As a result of the activation of the hormones controlling pubertal development, early adolescents undergo a growth spurt, develop primary and secondary sex characteristics, become fertile, and experience increased sexual drive. There is also some evidence that the hormonal changes are linked to behaviors such as aggression, sexuality, and mood swings. These relations are quite weak, however, and are often overridden by social experiences.
In general, pubertal changes begin twelve to eighteen months earlier for girls than for boys. As a result, anyone working with youth in grade six will immediately notice a major difference in the physical maturity between girls and boys. Many girls at this age look and act like fully mature young women, while most of the males still look and act like boys. The impact of these differences on the development of young men and women will vary by cultural group depending on cultural beliefs and norms, such as appropriate roles for physically mature individuals, appropriate heterosexual activities, and ideals related to female and male beauty.
There are also major individual differences in pu-bertal development within each sex. Some children begin their pubertal changes earlier than others. The impact of these differences depends on the cultural beliefs and norms that relate to the meaning of early maturation for both girls and boys. For example, among white populations, early maturation tends to be advantageous for boys, particularly with respect to their participation in sports activities and their social standing in school. By contrast, early maturation can be problematic for white girls, because the kinds of physical changes girls experience with puberty (such as weight gain) are not highly valued among many white American groups who value the slim, androgynous female body characteristic of white fashion models. In a 1987 study, Roberta Simmons and Dale Blyth found that early maturing white females had lower self-esteem and more difficulty adjusting to school transitions, particularly the transition from elementary to junior high school, than later maturing white females, white males, and both early and later maturing African-American females. Similarly, in a 1990 study in Sweden, Hakan Stattin and David Magnusson found that early maturing girls obtained less education and married earlier than their later maturing peers, because they were more likely to join older peer groups and date older males. In turn, these girls were more likely to drop out of school and get married, perhaps because school achievement was not valued by their peer social network while early entry into the job market and early marriage was. Early maturation does not have these kinds of effects in all cultural groups. For example, African-American females in the United States do not evidence these patterns.
Directly linked to the biological changes associated with puberty are the changes in both body architecture and emotions related to sexuality. Puberty is all about the emergence of sexuality. The physical changes of puberty both increase the individual's own interest in sex and turn the individual into a sexual object in other people's eyes. Both of these changes can have a profound impact on development. Sexual behavior increases dramatically during early to middle adolescence. With these increases go increases in pregnancy and sexually transmitted diseases. Both the frequency of these behaviors and the long-term consequences of these behaviors differ across cultural groups.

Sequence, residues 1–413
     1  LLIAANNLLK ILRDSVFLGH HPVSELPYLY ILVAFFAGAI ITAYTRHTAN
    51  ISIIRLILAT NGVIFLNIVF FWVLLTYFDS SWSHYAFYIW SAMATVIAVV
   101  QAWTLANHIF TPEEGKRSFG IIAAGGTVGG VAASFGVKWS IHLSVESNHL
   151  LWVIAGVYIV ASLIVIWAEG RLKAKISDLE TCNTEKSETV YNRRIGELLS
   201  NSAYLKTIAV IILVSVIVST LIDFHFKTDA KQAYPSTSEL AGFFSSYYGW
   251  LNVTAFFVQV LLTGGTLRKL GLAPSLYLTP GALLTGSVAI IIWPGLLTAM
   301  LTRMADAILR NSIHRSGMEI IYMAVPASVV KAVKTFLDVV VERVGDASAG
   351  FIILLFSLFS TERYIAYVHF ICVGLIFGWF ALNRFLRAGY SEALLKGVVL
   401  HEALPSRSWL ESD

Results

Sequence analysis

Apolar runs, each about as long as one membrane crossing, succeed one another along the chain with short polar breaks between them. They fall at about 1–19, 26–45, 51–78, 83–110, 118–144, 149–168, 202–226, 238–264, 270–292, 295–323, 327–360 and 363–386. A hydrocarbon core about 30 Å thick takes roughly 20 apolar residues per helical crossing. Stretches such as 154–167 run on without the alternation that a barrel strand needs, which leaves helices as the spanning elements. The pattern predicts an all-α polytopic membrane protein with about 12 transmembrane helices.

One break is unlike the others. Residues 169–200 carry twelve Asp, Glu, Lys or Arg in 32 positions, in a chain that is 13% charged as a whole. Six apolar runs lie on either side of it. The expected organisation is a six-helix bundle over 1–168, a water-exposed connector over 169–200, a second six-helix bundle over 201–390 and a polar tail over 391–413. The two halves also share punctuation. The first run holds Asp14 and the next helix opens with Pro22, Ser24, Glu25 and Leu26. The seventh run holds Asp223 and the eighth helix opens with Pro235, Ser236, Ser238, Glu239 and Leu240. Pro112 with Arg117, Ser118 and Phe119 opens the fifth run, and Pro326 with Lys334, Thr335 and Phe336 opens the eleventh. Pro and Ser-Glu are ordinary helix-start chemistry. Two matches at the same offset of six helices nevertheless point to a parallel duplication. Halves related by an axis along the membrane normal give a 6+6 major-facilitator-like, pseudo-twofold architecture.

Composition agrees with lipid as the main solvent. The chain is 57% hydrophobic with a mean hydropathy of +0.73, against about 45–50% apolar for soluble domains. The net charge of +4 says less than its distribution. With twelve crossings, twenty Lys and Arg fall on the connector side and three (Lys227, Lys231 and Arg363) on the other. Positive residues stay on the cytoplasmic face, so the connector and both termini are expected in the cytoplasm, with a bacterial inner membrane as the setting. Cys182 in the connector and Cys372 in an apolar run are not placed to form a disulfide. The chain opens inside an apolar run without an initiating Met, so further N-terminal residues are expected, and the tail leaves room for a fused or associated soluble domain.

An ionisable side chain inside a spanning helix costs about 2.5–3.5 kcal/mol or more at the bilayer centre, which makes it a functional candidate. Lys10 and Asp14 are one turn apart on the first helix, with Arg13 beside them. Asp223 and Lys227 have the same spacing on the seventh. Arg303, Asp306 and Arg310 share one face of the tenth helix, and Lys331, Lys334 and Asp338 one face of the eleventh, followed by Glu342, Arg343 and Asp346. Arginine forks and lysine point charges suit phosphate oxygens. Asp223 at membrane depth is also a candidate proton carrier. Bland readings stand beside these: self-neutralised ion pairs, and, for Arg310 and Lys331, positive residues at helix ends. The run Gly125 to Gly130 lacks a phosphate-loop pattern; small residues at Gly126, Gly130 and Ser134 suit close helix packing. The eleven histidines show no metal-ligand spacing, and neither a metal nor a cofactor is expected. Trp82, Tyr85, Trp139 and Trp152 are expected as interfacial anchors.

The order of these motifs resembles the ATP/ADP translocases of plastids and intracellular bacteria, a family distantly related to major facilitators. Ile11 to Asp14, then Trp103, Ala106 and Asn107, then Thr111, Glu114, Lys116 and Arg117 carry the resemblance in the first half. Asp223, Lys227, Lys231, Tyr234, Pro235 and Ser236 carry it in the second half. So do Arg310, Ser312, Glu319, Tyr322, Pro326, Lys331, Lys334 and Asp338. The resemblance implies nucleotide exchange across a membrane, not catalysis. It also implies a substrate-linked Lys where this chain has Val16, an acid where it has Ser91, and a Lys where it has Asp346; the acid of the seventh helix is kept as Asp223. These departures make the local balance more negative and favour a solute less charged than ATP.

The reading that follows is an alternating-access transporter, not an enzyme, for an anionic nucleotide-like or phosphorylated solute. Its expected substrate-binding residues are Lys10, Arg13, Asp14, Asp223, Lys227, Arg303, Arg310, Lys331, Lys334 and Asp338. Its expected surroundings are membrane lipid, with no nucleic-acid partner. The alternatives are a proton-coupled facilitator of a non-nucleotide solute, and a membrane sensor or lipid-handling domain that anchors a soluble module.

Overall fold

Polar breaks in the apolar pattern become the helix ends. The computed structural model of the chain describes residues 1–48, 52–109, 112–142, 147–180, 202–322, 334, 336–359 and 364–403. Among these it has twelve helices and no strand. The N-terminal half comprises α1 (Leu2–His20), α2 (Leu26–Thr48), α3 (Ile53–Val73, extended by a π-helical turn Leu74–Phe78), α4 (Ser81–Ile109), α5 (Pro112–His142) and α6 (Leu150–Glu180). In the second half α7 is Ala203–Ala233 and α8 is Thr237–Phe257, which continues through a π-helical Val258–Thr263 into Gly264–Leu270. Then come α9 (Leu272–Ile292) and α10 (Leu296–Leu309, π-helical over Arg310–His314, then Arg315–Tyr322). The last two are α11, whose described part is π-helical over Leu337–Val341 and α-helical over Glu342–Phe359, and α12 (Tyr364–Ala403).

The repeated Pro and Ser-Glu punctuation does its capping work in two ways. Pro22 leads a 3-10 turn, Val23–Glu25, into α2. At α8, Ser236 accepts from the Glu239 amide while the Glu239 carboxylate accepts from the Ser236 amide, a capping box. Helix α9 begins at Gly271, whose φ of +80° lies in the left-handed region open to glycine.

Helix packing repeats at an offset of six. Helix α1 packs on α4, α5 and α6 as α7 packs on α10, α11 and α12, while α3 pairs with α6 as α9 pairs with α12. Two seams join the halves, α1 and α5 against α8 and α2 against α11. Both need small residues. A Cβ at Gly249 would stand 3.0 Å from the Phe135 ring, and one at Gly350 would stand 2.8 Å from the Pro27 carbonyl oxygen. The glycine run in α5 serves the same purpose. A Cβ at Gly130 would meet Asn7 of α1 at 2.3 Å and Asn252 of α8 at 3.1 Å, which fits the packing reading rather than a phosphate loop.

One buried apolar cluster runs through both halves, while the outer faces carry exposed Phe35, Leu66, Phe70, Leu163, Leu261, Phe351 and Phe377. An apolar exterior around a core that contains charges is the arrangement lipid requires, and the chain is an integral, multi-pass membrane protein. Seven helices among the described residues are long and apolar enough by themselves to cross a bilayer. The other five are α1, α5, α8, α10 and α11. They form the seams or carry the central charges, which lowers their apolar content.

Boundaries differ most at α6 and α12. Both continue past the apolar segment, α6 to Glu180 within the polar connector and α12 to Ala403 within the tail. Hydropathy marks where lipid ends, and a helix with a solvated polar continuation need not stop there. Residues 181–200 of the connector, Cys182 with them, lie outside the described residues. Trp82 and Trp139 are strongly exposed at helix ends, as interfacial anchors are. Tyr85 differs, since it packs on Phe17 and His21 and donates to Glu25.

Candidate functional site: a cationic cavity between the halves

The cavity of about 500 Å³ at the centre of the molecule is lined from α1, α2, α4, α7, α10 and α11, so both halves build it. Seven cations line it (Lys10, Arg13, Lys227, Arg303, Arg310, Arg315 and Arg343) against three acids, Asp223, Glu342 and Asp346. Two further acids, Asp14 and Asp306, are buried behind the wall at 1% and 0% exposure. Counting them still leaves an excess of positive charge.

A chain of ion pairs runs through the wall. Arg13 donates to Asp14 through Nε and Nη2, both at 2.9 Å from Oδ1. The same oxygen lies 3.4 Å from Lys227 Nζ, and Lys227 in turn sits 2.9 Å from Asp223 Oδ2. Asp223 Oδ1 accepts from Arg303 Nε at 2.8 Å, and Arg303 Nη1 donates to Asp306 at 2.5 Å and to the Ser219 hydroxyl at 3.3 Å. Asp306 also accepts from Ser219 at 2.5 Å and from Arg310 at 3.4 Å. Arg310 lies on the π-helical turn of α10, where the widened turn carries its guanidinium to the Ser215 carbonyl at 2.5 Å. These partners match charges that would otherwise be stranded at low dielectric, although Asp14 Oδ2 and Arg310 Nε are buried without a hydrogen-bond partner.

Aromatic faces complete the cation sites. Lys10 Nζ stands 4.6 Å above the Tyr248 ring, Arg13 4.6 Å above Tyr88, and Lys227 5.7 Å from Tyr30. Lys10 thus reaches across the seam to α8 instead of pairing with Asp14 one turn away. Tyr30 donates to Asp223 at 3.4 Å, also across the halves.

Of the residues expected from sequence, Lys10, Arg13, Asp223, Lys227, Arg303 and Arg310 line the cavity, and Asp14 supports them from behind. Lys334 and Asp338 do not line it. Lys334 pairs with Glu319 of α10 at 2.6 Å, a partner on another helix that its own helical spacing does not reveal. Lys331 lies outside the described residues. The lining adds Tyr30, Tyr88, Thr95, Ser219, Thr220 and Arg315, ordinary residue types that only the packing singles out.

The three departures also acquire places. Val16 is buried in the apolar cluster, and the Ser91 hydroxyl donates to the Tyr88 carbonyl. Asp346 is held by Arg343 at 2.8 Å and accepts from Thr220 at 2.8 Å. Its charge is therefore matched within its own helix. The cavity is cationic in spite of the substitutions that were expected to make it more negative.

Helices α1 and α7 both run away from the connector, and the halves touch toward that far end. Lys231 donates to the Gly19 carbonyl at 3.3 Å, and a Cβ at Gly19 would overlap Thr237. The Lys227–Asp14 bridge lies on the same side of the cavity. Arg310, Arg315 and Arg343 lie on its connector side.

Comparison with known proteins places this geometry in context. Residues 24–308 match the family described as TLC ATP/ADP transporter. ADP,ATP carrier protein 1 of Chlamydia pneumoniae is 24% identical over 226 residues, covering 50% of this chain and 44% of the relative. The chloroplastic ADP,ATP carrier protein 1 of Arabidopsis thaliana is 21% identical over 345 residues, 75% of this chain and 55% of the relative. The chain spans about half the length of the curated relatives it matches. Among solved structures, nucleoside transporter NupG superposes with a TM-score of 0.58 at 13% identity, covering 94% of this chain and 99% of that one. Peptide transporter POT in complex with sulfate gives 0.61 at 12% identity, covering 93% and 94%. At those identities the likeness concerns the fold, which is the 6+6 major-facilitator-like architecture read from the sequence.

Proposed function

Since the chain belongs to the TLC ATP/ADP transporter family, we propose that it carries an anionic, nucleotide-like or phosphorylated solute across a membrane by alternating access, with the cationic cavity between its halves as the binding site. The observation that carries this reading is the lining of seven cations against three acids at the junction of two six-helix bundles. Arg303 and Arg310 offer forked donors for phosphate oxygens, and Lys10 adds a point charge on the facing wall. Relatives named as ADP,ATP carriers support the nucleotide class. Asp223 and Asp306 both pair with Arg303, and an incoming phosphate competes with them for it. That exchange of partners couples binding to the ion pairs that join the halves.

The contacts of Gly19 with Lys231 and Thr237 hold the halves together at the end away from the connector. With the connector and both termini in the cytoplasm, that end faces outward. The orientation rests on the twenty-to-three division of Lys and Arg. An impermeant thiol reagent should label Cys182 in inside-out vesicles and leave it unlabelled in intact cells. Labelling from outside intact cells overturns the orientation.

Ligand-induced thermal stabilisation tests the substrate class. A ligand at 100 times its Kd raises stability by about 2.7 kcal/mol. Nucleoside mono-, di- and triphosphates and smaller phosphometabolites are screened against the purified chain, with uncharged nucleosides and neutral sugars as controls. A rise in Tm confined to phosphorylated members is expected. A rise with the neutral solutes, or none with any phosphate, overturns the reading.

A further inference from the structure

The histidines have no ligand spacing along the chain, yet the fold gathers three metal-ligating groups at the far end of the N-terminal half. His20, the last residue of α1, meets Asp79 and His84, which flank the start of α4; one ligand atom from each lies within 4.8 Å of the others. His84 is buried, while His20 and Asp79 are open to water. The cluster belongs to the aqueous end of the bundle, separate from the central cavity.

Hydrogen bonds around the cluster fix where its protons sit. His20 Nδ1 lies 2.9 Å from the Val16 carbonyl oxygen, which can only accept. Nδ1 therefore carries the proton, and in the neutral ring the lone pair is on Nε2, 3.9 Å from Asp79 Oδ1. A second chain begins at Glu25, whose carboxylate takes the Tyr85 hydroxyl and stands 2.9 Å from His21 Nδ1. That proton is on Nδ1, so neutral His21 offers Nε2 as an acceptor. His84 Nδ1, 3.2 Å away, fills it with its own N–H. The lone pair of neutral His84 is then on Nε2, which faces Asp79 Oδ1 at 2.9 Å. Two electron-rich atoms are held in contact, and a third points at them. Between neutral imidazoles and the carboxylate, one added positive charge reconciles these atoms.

Adolescence is accompanied by an increasing ability to think abstractly, consider the hypothetical as well as the real, engage in more sophisticated and elaborate information processing strategies, consider multiple dimensions of a problem at once, and reflect on one's self and on complicated problems. There is also a steady increase in learning strategies, in knowledge of a variety of different topics and subject areas, in the ability to apply knowledge to new learning situations, and in the awareness of one's strengths and weaknesses as a learner. With practice these new cognitive skills can help adolescents become more efficient, sophisticated learners, ready to cope with relatively advanced topics in many different subject areas.
These kinds of cognitive changes also affect individuals' self-concepts, thoughts about their future, and understanding of others. Many theorists have suggested that the adolescent years are a time of change in children's self-concepts, as they consider what possibilities are available to them and try to come to a deeper understanding of themselves in the social and cultural contexts in which they live. In a culture that stresses personal choice in life planning, these concerns and interests also set the stage for personal and social identity formation focused on life planning issues such as those linked to educational, occupational, recreational, and marital choices. Finally, as adolescents become more interested in understanding the psychological characteristics of others, friendships become based more on perceived similarities in these characteristics.
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